Defending NJ 2C:33-2.1. Loitering.
After you read the following NJ Criminal Statute (Loitering) you may decide that you need the help of a lawyer, or need a legal interpretation of how this statute applies to your case. The firm of Villani & DeLuca has experienced criminal lawyers with over 20 years of experience, including a former municipal prosecutor. Call the number above for a free 24×7 phone consultation or read more about the disorderly conduct charge.
NJ Statute: 2C:33-2.1. “Public place” defined; loitering to obtain or distribute CDS is a disorderly persons offense.
a. As used in this section: “Public place” means any place to which the public has access, including but not limited to a public street, road, thoroughfare, sidewalk, bridge, alley, plaza, park, recreation or shopping area, public transportation facility, vehicle used for public transportation, parking lot, public library or any other public building, structure or area.
b. A person, whether on foot or in a motor vehicle, commits a disorderly persons offense if (1) he wanders, remains or prowls in a public place with the purpose of unlawfully obtaining or distributing a controlled dangerous substance or controlled substance analog; and (2) engages in conduct that, under the circumstances, manifests a purpose to obtain or distribute a controlled dangerous substance or controlled substance analog.
c. Conduct that may, where warranted under the circumstances, be deemed adequate to manifest a purpose to obtain or distribute a controlled dangerous substance or controlled substance analog includes, but is not limited to, conduct such as the following:
(1) Repeatedly beckoning to or stopping pedestrians or motorists in a public place;
(2) Repeatedly passing objects to or receiving objects from pedestrians or motorists in a public place;
(3) Repeatedly circling in a public place in a motor vehicle and on one or more occasions passing any object to or receiving any object from a person in a public place.
d. The element of the offense described in paragraph (1) of subsection b. of this section may not be established solely by proof that the actor engaged in the conduct that is used to satisfy the element described in paragraph (2) of subsection b. of this section.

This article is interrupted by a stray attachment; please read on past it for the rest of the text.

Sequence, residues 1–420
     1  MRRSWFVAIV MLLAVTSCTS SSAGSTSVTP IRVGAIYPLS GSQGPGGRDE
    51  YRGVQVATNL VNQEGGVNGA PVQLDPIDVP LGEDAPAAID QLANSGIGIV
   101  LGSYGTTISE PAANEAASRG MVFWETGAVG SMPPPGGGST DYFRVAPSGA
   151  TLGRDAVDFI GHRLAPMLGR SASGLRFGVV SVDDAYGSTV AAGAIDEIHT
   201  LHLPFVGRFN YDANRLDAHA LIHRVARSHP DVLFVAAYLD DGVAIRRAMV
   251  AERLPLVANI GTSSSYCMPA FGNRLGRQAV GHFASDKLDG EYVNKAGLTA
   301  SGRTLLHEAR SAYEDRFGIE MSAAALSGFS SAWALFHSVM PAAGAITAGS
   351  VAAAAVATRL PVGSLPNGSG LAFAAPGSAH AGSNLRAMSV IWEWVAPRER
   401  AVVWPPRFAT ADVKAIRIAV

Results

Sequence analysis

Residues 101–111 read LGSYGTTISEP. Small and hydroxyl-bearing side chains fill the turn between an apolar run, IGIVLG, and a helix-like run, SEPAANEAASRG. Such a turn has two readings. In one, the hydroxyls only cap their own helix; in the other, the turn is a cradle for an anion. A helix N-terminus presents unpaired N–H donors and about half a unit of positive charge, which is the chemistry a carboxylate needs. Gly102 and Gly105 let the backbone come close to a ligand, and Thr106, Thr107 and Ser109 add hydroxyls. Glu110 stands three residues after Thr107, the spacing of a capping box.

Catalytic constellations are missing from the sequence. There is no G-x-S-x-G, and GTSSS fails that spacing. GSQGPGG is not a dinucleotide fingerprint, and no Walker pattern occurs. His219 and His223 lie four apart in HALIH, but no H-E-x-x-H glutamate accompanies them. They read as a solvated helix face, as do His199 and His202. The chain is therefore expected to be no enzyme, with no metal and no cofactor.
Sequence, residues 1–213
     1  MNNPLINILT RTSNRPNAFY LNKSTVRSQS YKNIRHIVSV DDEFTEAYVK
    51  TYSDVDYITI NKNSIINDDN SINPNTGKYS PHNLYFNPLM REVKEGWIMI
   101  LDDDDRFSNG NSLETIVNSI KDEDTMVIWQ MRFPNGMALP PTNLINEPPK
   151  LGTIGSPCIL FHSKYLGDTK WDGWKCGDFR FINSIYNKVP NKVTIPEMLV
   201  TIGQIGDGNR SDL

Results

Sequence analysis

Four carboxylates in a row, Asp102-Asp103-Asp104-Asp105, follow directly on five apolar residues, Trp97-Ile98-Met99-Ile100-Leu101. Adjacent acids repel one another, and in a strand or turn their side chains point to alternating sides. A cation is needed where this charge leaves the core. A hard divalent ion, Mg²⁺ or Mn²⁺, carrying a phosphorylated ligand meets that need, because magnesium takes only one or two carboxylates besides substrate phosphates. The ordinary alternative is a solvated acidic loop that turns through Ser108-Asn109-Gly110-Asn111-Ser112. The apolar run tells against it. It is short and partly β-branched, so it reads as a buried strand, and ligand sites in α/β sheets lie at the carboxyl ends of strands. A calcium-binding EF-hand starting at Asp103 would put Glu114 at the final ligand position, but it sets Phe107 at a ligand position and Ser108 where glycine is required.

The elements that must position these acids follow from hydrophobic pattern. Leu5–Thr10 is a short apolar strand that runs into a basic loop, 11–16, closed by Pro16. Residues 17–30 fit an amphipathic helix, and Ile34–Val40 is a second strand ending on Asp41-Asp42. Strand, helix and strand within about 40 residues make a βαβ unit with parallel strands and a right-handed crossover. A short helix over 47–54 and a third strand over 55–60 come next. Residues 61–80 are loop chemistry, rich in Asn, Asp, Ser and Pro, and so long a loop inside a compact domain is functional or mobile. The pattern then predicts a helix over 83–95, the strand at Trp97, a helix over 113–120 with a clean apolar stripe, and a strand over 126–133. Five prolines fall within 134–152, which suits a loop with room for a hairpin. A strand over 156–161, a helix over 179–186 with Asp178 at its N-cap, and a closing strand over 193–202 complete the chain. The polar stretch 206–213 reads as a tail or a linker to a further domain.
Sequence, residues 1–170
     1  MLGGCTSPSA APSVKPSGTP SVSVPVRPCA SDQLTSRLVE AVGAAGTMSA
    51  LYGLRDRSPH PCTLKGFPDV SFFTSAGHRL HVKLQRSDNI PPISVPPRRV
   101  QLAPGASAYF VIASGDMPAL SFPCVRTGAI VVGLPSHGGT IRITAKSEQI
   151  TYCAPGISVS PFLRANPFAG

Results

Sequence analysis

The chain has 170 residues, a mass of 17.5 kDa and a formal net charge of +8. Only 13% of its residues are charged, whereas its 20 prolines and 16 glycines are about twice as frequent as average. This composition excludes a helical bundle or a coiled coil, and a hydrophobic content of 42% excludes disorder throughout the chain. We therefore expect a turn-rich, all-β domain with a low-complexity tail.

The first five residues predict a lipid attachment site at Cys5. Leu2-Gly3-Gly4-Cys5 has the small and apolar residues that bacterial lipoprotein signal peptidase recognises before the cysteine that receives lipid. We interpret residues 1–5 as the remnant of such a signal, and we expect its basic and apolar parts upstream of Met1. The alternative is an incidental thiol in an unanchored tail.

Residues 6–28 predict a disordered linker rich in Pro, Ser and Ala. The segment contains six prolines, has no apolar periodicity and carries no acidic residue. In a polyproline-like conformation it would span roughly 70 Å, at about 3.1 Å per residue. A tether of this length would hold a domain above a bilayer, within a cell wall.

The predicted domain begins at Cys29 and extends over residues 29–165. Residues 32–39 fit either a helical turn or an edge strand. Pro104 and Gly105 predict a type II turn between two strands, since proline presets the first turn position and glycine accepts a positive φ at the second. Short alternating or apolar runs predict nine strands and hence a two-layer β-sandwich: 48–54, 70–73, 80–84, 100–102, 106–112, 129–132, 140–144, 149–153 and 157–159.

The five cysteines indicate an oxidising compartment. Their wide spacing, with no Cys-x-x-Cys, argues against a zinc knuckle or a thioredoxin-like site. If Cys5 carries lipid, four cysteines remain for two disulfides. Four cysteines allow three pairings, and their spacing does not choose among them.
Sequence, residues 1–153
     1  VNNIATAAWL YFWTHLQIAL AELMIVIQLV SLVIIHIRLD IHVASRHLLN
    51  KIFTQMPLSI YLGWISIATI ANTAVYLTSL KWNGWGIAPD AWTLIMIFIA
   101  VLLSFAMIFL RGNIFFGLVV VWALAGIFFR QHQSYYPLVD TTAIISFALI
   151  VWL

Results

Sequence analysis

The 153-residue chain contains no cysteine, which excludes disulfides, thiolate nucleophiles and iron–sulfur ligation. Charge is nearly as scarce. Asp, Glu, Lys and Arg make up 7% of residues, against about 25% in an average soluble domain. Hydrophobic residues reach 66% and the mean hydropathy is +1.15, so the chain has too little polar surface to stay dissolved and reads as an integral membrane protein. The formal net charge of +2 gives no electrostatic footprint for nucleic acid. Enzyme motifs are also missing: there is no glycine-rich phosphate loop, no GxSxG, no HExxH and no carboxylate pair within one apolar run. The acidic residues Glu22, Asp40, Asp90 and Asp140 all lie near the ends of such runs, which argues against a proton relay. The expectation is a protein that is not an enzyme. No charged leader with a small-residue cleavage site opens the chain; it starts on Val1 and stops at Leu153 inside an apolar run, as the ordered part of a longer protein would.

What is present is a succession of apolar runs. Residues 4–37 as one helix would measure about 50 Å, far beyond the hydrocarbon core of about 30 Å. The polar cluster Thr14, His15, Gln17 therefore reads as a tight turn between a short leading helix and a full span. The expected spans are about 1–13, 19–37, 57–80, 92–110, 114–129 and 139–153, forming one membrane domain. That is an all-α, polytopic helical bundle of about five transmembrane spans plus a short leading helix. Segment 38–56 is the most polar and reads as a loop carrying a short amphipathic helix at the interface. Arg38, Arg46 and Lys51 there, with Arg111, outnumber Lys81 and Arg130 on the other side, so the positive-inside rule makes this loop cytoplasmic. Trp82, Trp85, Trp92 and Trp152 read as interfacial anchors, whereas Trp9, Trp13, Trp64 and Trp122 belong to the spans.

AKA: NJ Criminal Charge 2C:33-2.1, Violation 2C:33-2.1, Offense 2C:33-2.1
Disclaimer: A copy of this statute has been provided for your information. This wording was current from the NJ website lis.njleg.state.nj.us as of August 2012.
Loitering Charges Explained
In general, loitering refers to wandering, circling, prowling, or remaining in a public place with the intent to buy or sell a controlled dangerous substance. The behavior may occur on foot, on a bike or even in an automobile. A public place can be a public highway, street, alley, sidewalk, park or shopping area. A public place may also mean a private area that the public generally has access to, such as an amusement or theme park.
How the Prosecutor May Convict You
The loitering statute describes ways in which the prosecutor can prove the element of intent since it is rather difficult to do without any guidelines. The prosecutor may prove intent to buy or sell controlled dangerous substances by pointing to a few types of actions, such as: (1) repeated beckoning to or stopping pedestrians or motorists in a public place; (2) repeatedly passing objects or receiving objects from pedestrians or motorists in a public place; or (3) repeatedly circling in a public place and, on one or more occasions, giving or receiving an object from a pedestrian or motorist. Of course, the prosecutor must also prove that the objects being passed were in fact drugs, money to purchase drugs, drug paraphernalia, analogs or any other controlled dangerous substances.
How You Can Defend Against Loitering Charges in NJ
Since the intent of the statute is to deter the trafficking of controlled dangerous substances, raising the defense that you were not engaged in that sort of activity may work. Of course, you would have to prove that the items being exchanged were not controlled dangerous substances or any type of drug. Presenting evidence that you were not engaged in exchanging prohibited items through witness testimony may help get your charges reduced or dropped. You may also refute the charge by presenting evidence that tends to show that you were not in a “public” place according to the statutory language.
Penalties You Could Face for a Conviction
If you are charged with loitering, you may also be charged and convicted with possession of CDS or drug paraphernalia. For the loitering charge alone, you could face a fine of up to $500, possible jail time, community service and even restitution if your loitering caused any property damage. Call Villani & DeLuca, P.C. today for help from an experienced New Jersey criminal defense attorney.